We developed an expensiveness index and used the Food Acquisition and Purchase Survey data set to examine empirically whether Supplemental Nutrition Assistance Program (SNAP) participants pay higher prices compared with nonqualifying and qualifying, but nonparticipating, households. Purchasers' ability to minimize food expenditures has significant effects on the program's effectiveness and on participants' food security. Using ordinary least squares and two techniques that control for the endogeneity of SNAP participation, we found no significant effect of SNAP participation on food prices. Moreover, we found that SNAP participants pay, on average, lower prices than do nonparticipants. We conclude by providing suggestions for policy improvements and implications for future research.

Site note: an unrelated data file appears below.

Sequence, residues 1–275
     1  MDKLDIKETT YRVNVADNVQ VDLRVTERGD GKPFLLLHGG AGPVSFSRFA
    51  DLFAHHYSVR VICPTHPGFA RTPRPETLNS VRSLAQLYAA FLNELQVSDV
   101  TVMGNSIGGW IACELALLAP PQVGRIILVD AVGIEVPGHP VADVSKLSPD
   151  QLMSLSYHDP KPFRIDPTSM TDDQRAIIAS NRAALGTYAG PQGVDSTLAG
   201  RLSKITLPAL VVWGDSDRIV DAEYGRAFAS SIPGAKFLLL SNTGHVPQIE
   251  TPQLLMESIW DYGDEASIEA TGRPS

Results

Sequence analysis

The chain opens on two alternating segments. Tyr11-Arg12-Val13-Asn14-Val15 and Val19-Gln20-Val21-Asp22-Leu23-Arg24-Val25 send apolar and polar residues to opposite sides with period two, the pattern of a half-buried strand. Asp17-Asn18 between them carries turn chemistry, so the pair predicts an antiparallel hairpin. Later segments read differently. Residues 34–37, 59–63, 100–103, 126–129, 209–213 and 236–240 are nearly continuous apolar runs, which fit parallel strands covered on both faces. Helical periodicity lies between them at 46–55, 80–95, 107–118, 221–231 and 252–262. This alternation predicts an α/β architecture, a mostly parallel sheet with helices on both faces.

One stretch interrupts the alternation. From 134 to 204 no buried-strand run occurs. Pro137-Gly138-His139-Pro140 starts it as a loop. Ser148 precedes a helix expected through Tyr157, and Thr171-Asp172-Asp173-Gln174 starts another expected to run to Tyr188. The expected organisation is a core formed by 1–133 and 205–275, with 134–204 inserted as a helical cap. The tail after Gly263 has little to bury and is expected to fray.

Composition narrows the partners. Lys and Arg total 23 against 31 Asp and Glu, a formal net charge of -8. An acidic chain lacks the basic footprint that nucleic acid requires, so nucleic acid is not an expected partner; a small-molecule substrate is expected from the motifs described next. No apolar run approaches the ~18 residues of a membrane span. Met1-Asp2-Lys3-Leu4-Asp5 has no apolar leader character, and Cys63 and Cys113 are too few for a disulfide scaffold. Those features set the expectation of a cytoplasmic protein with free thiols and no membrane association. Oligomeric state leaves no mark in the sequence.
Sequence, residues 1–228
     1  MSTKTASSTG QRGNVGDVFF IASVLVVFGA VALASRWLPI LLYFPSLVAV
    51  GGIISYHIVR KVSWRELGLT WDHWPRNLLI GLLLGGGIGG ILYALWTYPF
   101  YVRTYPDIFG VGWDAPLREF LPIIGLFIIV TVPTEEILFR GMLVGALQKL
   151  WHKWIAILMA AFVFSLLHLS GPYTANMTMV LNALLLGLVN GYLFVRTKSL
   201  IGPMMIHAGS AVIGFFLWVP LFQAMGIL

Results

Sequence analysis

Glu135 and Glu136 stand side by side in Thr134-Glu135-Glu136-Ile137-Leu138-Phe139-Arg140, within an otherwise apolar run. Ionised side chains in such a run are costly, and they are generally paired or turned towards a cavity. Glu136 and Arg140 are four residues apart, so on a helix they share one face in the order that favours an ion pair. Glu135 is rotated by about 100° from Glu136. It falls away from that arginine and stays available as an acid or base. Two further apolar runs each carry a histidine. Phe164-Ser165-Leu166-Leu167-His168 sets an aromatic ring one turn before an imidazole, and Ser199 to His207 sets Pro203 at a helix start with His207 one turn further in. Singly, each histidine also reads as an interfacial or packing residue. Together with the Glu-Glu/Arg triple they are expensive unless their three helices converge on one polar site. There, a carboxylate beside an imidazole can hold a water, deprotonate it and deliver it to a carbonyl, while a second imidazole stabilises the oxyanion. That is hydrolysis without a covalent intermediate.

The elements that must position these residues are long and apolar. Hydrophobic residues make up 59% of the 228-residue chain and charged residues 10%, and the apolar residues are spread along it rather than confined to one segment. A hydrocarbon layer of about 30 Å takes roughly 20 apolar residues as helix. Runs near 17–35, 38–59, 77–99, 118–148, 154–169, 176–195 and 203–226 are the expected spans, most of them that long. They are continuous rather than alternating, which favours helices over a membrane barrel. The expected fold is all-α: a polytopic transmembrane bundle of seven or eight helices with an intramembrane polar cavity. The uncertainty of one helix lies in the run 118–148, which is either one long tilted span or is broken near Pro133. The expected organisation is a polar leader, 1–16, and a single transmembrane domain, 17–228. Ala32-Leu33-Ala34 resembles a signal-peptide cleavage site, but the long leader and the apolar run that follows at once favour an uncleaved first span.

- consumer behavior
- food purchasing decisions